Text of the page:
- First, clear the DTC codes with your scanner.
- Swap the Bank 2 Sensor 1 O2 sensor with the Bank 1 Sensor 1. They’ll be on or right after each catalytic converter on each side of the exhaust.
- Run the engine until the check engine light comes back on.
- If the code changes to P2096 (which indicates the O2 sensor on Bank 1 is too lean), that is proof enough that your Versa needs a new O2 sensor.
- If the code remains P2098, you’ll need to continue pursuing your diagnosis, knowing that both O2 sensors are working fine.
A clogged catalytic converter is a common cause of P2098. A really bad converter will glow red, and your Versa will have a hard time accelerating. This happens because it’s so clogged that it can no longer pass exhaust gas freely.
A misfire will cause P2098. A misfiring engine does not have to make a noticeable sputter sound. It can be subtle enough that you can’t feel it as you drive your Versa. If this is causing the code, it’ll usually be accompanied by a misfire-related trouble code.
Here are the most popular ones:
P0300– Random Multiple Misfire: Something is making all of the plugs misfire. This is harder to fix than just one random cylinder misfiring, but certainly not impossible.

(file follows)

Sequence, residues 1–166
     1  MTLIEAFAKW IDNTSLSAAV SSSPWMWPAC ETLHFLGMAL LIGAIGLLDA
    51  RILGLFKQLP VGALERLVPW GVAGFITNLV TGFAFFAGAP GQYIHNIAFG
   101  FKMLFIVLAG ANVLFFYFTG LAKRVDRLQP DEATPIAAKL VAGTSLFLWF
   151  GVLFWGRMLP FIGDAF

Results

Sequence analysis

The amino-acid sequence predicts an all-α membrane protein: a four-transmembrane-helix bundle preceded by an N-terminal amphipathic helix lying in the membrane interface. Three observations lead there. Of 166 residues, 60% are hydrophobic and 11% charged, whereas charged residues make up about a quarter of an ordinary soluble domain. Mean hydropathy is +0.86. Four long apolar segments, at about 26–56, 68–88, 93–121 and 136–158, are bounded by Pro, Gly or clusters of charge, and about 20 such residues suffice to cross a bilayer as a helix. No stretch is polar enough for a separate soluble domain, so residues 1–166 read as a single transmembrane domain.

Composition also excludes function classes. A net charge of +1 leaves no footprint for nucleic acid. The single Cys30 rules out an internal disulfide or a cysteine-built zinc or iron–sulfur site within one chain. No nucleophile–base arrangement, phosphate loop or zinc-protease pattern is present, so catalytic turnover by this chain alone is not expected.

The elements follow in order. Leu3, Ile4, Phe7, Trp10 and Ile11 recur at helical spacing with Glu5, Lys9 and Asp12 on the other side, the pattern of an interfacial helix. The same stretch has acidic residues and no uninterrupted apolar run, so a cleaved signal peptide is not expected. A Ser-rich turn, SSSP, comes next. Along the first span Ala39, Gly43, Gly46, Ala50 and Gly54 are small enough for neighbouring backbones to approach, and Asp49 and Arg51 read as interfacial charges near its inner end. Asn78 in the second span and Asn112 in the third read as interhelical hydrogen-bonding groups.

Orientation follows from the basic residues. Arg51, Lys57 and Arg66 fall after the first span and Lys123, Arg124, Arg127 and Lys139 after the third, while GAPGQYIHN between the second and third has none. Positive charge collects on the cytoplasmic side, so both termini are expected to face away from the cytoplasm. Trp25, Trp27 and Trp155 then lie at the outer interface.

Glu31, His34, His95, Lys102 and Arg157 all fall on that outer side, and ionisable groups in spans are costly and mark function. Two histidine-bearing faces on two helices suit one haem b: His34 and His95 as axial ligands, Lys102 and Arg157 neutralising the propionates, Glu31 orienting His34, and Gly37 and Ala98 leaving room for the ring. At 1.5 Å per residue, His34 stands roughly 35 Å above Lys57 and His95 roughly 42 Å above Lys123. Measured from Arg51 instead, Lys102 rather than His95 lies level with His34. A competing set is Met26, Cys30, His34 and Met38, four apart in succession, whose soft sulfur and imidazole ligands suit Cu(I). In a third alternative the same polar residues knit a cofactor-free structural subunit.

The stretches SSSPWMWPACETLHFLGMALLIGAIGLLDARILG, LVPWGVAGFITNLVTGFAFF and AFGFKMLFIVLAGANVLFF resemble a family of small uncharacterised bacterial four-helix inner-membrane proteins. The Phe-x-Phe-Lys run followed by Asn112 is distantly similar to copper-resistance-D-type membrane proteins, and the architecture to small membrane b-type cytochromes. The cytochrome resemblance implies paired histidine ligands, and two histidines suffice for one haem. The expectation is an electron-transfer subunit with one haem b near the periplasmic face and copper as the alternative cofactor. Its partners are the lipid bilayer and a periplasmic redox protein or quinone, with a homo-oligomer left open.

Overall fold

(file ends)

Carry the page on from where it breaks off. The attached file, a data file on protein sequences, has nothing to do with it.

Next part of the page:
P030X– Misfire in Cylinder X: If this is the case, it indicates that the misfire is in a specific cylinder. For example, P0301 is a misfire in the first cylinder.
Low Fuel Pressure
Low fuel pressure can cause P2098. And, there are a lot of things that can cause low fuel pressure. Such as:
- Bad Fuel Injector(s)
- Bad Fuel Pressure Regulator (you’d see P2096 as well)
- Fuel Filter Clogged
- Fuel Pump
An exhaust leak can cause the oxygen sensors to register that the mixture is too lean. Inspecting for an exhaust leak is pretty easy. Your Versa will sound louder than normal somewhere in the exhaust, and it’s usually pretty obvious.
A vacuum leak can let air into the combustion chamber that isn’t supposed to be there. This leans out the mixture and can potentially throw the code in your Versa.
Mass Airflow Sensor
If there is an issue with the mass airflow sensor, the PCM will not be able to control the air-fuel mixture properly.
Conclusion: P2098 Nissan Versa
The odds are that a related trouble code will accompany this code. If it is not, start with the easier stuff:
- If it’s not accelerating right but doesn’t seem to have a misfire, it’s probably the catalytic converter. It should feel like it’s running out of wind as the speed increases.
- If your Versa is running rough (tachometer needle movement at idle), it could be an unregistered misfire.
- If you hear a whistling sound from under the hood, you probably have a vacuum leak.
- If there seem to be no other symptoms other than the check engine light, bad gas has been known to throw this code by itself. Make sure to use the octane rating that Nissan recommends.
- Use a code scanner to check how the oxygen sensor is performing during real-world driving. If it is showing erratic readings, it may need to be replaced. Take a look at the wiring around it first and make sure that it is snug and undamaged.
Good luck diagnosing your Nissan Versa. If you discover anything that could help this page’s next visitor, please leave a comment below.